The White House readied new guidelines Monday on coronavirus testing and reopening businesses as it sought to regain its footing after weeks of criticism and detours created in part by presidential sideshows. But U.S. President Donald Trump appeared reluctant to cede the spotlight, with on-off-on plans for a news conference to capture the flurry of action.
As part of the effort, the U.S. Centers for Disease Control and Prevention was set to release new priorities for virus testing, including people who show no symptoms but are in high-risk settings.
The White House was unveiling what it described as a comprehensive overview of its efforts to make enough tests for COVID-19 available so states can sample at least 2.6 per cent of their populations each month.
The action came as the White House tries to shift its approach after an erosion in public support for the president. What had been his greatest asset in the re-election campaign — his ability to dominate headlines with freewheeling performances at his daily briefings — is increasingly being seen as a liability. At the same time, new Republican Party polling shows Trump’s path to a second term depends on the public’s perception of how quickly the economy rebounds from the state-by-state shutdowns meant to slow the spread of the virus.
Days after he set off a firestorm by publicly musing that scientists should explore the injection of toxic disinfectants as a potential virus cure, Trump said he found little use for his daily task force briefings, where he has time and again clashed with medical experts and reporters. Trump’s aides had been trying to move the president onto more familiar and, they hope, safer, ground: Talking up the economy in more tightly controlled settings.
But hours after the White House scrubbed the nightly briefing from its official schedule, it reversed course.
“UPDATE: The White House has additional testing guidance and other announcements about safely opening up America again. President @realDonaldTrump will brief the nation during a press conference this evening,” White House spokesperson Kayleigh McEnany tweeted.
McEnany had said earlier that instead of holding a briefing, Trump would be meeting with retail CEOs. She said briefings would be held later in the week, but, “they might have a new look to them, a new focus to them.”
“We’re entering a phase of looking to reopen the country and with that, the president will be focusing a lot on the economy,” she said.
‘Testing blueprint’ for states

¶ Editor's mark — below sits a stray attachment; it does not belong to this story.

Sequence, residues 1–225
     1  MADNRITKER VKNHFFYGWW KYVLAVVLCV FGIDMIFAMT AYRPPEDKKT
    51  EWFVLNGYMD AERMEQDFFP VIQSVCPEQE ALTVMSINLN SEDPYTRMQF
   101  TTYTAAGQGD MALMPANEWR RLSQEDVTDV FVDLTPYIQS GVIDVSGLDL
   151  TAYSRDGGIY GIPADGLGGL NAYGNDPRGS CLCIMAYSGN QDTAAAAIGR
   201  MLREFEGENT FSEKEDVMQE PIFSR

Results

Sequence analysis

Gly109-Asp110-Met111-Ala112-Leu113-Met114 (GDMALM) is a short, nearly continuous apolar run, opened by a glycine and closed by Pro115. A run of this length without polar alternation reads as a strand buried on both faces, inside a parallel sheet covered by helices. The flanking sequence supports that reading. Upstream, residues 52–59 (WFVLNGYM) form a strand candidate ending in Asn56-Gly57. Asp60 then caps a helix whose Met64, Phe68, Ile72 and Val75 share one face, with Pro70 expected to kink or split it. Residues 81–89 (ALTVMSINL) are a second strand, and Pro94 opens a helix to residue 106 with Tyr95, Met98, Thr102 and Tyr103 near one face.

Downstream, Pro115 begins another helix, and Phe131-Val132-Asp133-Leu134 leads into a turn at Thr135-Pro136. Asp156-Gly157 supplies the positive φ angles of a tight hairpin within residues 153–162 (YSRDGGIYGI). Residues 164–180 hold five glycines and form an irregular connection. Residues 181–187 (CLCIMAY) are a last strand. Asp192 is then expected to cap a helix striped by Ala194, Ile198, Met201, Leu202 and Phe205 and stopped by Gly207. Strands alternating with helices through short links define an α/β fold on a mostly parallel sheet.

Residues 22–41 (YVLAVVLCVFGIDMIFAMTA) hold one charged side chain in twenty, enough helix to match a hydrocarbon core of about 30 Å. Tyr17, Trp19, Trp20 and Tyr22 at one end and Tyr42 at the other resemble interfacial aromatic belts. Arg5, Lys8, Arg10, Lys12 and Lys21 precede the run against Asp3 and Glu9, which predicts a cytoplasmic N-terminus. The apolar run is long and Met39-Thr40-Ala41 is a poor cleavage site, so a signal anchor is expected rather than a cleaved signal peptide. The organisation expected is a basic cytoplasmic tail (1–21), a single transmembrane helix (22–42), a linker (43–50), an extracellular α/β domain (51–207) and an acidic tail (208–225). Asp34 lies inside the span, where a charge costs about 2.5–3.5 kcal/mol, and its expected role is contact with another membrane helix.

Among the planned announcements is a new “testing blueprint” for states. It includes a focus on surveillance testing as well as “rapid response” programs to isolate those who test positive and identify those with whom they came in contact. The administration aims to have the market “flooded” with tests for the fall, when COVID-19 is expected to recur alongside the seasonal flu.
Many of the administration’s past pledges and goals on testing have not been met.
The CDC also has been working on more detailed guidelines on reopening schools, restaurants and other establishments that could be released as soon as Monday. Draft guidelines sent by the CDC to Washington include a long list of recommendations for organizations as they begin to reopen, such as closing break rooms at offices, schools spacing desks about two metres apart and restaurants using disposable plates and menus. The draft guidance was obtained by The Associated Press from a federal official who was not authorized to release it.
Some states have started to ease closure orders, and Trump is expected to spend the coming days highlighting his administration’s efforts to help businesses and employees. Aides said the president would hold more frequent roundtables with CEOs, business owners and beneficiaries of the trillions of dollars in federal aid already approved by Congress, and begin to outline what he hopes to see in a future recovery package.
Worries among Republicans
Trump last left the White House complex a month ago, and plans are being drawn up for a limited schedule of travel within the next few weeks, aides said. It would be a symbolic show that the nation is beginning to reopen.
The shift comes in conjunction with what the White House sees as encouraging signs across the country, with the pace of new infections stabilizing and deaths declining.
Still, medical experts warn that the virus will continue to haunt the country at least until a vaccine is developed. And they say the risk of a severe second wave is high if physical distancing measures are relaxed too quickly or if testing and contact tracing schemes aren’t developed before people return to normal behaviours.
WATCH | Media expert says Trump’s COVID-19 briefings have no news value:
The White House has considered whether to continue to hold news briefings in a modified form without Trump, an effort to restore confidence in the government response so the public would be comfortable resuming more normal activities.
Worries are growing among Republicans and Trump allies over the president’s increasingly erratic handling of the coronavirus crisis.
Though the White House and the president’s re-election team have resolutely projected outward confidence, a number of Trump’s confidants have argued for a course correction aimed at retaining the White House and keeping the Senate from slipping from the Republican Party’s hands, according to four current and former campaign and administration officials.
For weeks, Republicans have grown concerned that Trump’s daily briefings were doing him grievous political damage. Though Trump cherished the TV ratings, the modest polling bump he received in the early days of the pandemic has vanished amid a flurry of misstatements and partisan fights.